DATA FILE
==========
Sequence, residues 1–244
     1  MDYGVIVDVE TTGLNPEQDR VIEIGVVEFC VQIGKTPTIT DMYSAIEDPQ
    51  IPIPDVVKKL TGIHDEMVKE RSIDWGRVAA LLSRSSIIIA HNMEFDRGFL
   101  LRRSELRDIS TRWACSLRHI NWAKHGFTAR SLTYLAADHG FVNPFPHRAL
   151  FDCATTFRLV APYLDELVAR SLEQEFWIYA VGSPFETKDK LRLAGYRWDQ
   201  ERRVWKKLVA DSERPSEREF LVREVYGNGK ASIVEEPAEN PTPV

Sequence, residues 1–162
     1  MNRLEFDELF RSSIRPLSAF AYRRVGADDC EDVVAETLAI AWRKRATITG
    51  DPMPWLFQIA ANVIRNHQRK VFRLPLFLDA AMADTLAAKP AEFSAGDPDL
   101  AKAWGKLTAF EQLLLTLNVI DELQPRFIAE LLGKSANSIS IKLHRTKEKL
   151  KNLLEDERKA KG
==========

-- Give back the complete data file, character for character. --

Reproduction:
Sequence, residues 1–244
     1  MDYGVIVDVE TTGLNPEQDR VIEIGVVEFC VQIGKTPTIT DMYSAIEDPQ
    51  IPIPDVVKKL TGIHDEMVKE RSIDWGRVAA LLSRSSIIIA HNMEFDRGFL
   101  LRRSELRDIS TRWACSLRHI NWAKHGFTAR SLTYLAADHG FVNPFPHRAL
   151  FDCATTFRLV APYLDELVAR SLEQEFWIYA VGSPFETKDK LRLAGYRWDQ
   201  ERRVWKKLVA DSERPSEREF LVREVYGNGK ASIVEEPAEN PTPV

Sequence, residues 1–162
     1  MNRLEFDELF RSSIRPLSAF AYRRVGADDC EDVVAETLAI AWRKRATITG
    51  DPMPWLFQIA ANVIRNHQRK VFRLPLFLDA AMADTLAAKP AEFSAGDPDL
   101  AKAWGKLTAF EQLLLTLNVI DELQPRFIAE LLGKSANSIS IKLHRTKEKL
   151  KNLLEDERKA KG